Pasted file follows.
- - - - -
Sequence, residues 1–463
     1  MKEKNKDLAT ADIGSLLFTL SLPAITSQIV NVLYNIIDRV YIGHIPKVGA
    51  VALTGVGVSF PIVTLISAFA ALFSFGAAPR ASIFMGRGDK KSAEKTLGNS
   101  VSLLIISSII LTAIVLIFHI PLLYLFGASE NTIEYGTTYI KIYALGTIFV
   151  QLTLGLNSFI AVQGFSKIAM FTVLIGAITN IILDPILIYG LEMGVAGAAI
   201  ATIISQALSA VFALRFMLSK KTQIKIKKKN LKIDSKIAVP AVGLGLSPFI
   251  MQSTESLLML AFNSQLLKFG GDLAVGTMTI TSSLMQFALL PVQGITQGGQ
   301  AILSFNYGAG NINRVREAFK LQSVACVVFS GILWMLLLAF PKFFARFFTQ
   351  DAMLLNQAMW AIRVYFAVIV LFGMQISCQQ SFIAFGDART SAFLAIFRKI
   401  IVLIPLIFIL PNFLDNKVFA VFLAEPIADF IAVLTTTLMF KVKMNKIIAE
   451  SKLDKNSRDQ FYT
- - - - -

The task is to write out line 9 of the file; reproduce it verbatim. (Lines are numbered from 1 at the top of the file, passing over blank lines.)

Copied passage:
   351  DAMLLNQAMW AIRVYFAVIV LFGMQISCQQ SFIAFGDART SAFLAIFRKI